Editorial: Reform midterms to promote fairness and maintain fall break| Nov 9, 2014
Midterms week is an inherently stressful time when students are required to study for comprehensive tests, learn new material in class and complete papers and problem sets. At the conclusion of midterms week, students are given a week-long break to relax, recuperate and pursue out-of-classroom experiences that supplement their time at Princeton. Unfortunately, the lack of University policies surrounding the administration of take-home exams detracts from the fairness of the examination process and adds stress to the week. Further, the lack of University policies regulating work assigned during fall break dilutes the break’s purpose and is unfair to students attempting to pursue extracurricular, academic and personal opportunities.
For students in any given course, schedules during midterms week vary. While one student may have only the take-home exam assigned by the given course due during the week, others may have to study for in-class exams, complete problem sets, draft midterm papers, prepare for precept presentations or any combination thereof. Many take-home midterms, however, do not have a set time limit. This imbalance creates an unfair situation for students who, because of scheduling constraints, do not have as much time to devote to a take-home exam as others. In light of this imbalance, the Editorial Board recommends requiring professors to specify a reasonable amount of time that can be used to complete a take-home exam over the course of an assigned period. Assigning a take-home exam that could be completed in six hours over the course of five days, for example, would standardize the amount of time students could spend on an exam while allowing the flexibility to work around busy schedules. By requiring professors to assign a limited amount of time to complete a take-home midterm, like many already do, students will not be disadvantaged by their choice of course load or break plans.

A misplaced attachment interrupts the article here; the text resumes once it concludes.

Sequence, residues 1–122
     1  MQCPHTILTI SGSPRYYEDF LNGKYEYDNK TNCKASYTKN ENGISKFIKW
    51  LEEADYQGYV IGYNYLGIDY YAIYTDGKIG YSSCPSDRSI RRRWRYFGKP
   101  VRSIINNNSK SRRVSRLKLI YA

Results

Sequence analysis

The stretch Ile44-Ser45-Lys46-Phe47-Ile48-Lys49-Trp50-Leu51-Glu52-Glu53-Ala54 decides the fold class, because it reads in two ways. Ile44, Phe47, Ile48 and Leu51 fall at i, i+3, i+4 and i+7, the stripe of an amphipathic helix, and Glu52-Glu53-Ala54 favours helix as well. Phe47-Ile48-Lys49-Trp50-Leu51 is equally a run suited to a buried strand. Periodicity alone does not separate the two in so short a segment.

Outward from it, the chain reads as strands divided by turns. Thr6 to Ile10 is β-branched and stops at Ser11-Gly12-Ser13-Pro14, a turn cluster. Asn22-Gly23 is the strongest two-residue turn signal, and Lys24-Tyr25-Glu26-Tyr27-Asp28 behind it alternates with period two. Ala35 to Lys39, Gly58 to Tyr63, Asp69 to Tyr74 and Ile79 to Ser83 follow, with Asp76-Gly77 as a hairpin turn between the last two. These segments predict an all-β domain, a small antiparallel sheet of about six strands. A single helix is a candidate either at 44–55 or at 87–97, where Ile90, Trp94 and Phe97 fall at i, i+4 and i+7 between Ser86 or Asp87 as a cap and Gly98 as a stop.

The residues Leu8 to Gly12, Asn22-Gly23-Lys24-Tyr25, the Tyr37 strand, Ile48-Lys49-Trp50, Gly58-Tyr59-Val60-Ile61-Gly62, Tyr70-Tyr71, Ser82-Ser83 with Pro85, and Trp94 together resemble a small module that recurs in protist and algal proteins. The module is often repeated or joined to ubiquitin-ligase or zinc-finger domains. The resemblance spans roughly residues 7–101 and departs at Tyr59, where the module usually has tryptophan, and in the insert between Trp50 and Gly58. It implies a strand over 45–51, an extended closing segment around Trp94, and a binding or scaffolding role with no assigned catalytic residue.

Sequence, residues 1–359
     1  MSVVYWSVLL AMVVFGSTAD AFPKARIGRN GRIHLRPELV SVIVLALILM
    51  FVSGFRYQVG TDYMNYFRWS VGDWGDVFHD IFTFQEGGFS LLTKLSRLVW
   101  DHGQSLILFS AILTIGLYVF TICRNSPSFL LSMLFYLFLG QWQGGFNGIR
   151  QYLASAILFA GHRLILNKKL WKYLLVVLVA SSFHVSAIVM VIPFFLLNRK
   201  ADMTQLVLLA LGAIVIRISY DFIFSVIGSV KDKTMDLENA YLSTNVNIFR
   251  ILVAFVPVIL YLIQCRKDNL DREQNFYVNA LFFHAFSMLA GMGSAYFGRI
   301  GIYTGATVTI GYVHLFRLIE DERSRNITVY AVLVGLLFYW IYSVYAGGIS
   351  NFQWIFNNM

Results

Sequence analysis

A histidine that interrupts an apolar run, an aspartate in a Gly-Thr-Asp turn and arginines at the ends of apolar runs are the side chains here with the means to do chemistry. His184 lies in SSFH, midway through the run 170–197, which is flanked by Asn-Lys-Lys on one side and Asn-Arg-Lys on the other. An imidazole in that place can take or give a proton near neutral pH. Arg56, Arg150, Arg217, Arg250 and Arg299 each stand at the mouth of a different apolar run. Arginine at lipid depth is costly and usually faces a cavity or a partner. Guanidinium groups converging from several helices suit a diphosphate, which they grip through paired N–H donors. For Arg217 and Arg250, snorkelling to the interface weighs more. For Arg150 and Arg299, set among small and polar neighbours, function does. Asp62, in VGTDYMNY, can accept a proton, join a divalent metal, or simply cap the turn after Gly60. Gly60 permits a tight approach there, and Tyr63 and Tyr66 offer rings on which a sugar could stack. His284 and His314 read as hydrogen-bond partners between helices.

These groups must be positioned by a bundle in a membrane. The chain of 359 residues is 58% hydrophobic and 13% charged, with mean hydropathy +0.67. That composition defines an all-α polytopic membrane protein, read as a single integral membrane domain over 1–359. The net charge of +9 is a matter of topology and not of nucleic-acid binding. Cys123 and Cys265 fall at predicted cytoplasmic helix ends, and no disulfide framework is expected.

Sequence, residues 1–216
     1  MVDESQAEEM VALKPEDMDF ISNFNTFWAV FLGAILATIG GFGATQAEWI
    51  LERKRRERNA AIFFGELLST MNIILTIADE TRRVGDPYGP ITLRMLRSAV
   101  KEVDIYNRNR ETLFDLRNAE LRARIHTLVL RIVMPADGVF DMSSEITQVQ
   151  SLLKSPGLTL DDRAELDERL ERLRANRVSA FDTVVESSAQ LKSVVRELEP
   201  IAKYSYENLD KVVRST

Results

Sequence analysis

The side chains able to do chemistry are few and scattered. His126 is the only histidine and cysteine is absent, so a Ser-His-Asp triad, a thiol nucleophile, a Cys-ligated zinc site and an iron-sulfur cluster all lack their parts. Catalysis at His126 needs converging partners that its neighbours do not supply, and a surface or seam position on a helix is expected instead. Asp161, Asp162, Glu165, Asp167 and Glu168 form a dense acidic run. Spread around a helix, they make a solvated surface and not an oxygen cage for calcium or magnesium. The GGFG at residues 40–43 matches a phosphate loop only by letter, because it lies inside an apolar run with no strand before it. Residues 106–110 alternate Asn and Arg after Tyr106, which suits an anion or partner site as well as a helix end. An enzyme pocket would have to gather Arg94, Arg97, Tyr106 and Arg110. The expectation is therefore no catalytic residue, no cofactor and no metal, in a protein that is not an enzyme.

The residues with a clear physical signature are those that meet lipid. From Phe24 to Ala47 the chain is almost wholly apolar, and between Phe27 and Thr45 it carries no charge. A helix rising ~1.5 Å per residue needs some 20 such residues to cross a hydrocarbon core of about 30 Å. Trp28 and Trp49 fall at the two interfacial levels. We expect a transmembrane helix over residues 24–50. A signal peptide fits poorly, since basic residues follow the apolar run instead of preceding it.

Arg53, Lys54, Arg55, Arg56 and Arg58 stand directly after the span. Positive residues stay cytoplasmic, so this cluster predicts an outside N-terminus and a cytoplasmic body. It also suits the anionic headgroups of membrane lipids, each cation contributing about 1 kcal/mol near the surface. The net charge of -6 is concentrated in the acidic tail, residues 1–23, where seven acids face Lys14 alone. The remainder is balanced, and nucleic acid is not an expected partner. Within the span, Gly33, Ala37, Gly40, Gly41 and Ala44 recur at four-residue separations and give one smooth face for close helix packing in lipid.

Further, University policy surrounding assigned work during the break following midterms week could also be improved. Originally intended to allow students to participate in national campaigns in the 1970s, Princeton’s fall break lasts the week after midterm periods and allows students to participate in pre-election day campaigning. Though contemporary students are more likely to spend the week on class trips, Breakout trips, completing research for independent work or visiting friends and family, fall break is a critically important time for learning outside the classroom or simply taking a break from the daily stresses of life at Princeton University. Policy, however, does not disallow professors from making midterm papers, take-home exams or other course assignments due during fall break or on the first day of classes following students return. This detracts from the impact of activities undertaken during break and dilutes the full benefits the break is intended to provide.
In order to strengthen the benefits of fall break, the Board calls on the University to ban assigning due dates for academic work during fall break and discourage professors from assigning work due on the first meeting of classes after the break’s conclusion. Work assigned so close to the conclusion of fall break implies that the work be completed over break. Such a policy would allow students to focus on the activities they choose to pursue over break. As these activities are worthwhile tools of learning — both as learning experiences outside of the classroom and as respites that allow students to work with renewed vigor upon their return — such a policy would inherently benefit the educational process. By returning academic breaks to their true purposes and addressing inequities in take-home midterms, the University would markedly improve the quality of learning at Princeton each fall.
Zach Horton abstains.
TheEditorial Boardis an independent body and decides its opinionsseparately from the regular staff and editors of the ‘Prince.’ The board answers only to its Chair, the Opinion Editor and the Editor-in-Chief.